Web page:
Depending on the reports you read, to solve climate change it would cost $300 billion to $50 trillion dollars over the next 20 years. For some critics, they point to this number and say, “Impossible. We can’t pay for this.”
Perhaps then, we look at the problem from a different prospective. 100 companies are contributing to 71% of the world’s green house gasses. But, “If we don’t do it, someone else would.”
Another way: Agriculture contributes a significant share in green house gasses. Somewhere between 24 and 31%. If everyone switched to a plant based diet then you could significantly reduce our impact. Yet again the critic in the back says, “I like hamburgers.”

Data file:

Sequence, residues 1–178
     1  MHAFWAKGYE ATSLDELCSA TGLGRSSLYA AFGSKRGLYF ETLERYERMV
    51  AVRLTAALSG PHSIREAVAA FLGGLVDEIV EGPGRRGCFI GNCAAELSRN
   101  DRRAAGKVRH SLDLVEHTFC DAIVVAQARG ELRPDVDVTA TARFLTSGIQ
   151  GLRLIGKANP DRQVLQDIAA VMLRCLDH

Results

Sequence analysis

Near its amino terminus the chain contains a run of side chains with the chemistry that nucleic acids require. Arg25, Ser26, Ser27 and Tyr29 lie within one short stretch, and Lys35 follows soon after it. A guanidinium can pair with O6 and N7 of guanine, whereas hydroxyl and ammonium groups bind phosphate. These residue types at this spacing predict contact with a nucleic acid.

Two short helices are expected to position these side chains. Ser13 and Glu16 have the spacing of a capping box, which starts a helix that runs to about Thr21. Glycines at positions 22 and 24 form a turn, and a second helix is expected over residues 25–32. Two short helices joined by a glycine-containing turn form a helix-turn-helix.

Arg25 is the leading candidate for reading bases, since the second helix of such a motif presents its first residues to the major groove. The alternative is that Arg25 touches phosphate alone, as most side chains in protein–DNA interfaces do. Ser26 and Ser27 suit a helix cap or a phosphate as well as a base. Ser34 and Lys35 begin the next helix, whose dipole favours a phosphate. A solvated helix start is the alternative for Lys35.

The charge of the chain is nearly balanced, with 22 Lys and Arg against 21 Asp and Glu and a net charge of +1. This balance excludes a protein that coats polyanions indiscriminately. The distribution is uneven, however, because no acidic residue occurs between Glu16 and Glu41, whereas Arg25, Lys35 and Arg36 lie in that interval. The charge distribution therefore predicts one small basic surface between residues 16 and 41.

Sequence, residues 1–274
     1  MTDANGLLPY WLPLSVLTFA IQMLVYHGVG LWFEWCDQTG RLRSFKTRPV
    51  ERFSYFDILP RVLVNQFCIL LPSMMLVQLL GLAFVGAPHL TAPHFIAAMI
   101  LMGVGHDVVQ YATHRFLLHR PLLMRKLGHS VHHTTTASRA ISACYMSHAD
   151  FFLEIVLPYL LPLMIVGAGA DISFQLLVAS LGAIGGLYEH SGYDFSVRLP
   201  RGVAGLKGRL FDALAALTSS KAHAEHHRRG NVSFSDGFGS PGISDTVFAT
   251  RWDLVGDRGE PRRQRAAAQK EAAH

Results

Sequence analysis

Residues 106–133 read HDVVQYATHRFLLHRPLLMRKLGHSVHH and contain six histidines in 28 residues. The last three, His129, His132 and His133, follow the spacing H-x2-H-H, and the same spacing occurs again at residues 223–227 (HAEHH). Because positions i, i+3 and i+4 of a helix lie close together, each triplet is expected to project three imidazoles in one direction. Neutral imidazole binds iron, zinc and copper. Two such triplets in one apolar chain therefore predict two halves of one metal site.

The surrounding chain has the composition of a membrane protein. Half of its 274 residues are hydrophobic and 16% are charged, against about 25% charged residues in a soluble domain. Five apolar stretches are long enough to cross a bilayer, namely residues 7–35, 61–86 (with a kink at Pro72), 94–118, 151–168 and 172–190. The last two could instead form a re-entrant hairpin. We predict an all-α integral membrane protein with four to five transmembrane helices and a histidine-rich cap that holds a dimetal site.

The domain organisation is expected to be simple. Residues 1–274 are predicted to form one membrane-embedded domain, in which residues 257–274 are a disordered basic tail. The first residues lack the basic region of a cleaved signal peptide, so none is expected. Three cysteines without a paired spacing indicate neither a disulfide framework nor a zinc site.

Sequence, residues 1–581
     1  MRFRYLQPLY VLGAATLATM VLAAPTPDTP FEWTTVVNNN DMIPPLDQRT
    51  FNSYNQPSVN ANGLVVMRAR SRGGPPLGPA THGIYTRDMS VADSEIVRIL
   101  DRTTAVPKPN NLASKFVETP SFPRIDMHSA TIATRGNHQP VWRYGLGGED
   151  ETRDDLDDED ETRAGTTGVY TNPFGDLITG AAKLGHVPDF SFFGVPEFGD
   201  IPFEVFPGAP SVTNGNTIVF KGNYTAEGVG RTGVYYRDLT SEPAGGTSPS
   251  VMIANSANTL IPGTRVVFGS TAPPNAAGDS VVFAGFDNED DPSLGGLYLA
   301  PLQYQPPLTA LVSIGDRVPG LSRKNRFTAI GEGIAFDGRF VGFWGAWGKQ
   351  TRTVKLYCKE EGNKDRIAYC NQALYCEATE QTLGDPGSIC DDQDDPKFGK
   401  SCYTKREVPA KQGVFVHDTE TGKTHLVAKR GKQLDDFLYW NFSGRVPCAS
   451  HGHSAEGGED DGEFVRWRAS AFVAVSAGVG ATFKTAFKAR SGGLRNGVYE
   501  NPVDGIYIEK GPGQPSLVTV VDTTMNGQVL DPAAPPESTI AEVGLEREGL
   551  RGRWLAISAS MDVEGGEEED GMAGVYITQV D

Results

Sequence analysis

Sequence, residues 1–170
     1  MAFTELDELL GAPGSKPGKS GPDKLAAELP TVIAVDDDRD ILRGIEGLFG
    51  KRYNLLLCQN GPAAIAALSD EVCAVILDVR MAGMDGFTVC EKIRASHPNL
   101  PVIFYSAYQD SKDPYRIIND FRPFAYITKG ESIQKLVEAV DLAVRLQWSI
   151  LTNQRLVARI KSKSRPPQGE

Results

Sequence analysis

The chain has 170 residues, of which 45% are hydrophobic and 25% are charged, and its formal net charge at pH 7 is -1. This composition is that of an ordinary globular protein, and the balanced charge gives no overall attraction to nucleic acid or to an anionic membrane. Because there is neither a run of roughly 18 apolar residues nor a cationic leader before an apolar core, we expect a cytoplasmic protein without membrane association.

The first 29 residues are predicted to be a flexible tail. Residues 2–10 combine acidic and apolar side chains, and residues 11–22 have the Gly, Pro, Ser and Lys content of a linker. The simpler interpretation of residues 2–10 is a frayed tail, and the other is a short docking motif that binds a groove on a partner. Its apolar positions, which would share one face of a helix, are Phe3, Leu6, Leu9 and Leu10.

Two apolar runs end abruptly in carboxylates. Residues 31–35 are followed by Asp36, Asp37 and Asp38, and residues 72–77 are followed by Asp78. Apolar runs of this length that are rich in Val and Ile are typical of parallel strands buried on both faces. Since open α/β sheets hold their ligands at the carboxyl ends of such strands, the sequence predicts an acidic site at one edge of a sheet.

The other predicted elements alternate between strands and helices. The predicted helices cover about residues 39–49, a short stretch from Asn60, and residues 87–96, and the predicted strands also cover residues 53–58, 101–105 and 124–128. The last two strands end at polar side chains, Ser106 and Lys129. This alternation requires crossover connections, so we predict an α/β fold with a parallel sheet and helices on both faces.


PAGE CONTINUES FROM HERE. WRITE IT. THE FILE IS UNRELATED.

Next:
And there are lots more solutions. But the critic doesn’t see a path where they can maintain the same behavior and have everyone else change.
So, how do you solve the problem then? Do we lean on personal choices or look at the system in play? Or both? Either way, it is important to understand that change is incredibly uncomfortable. It requires envisioning a world that doesn’t exist. A feeling of incompetence not know what is going to happen next.
We have to act. The environment is compelling us to make changes. Reacting is always more painful than anticipating.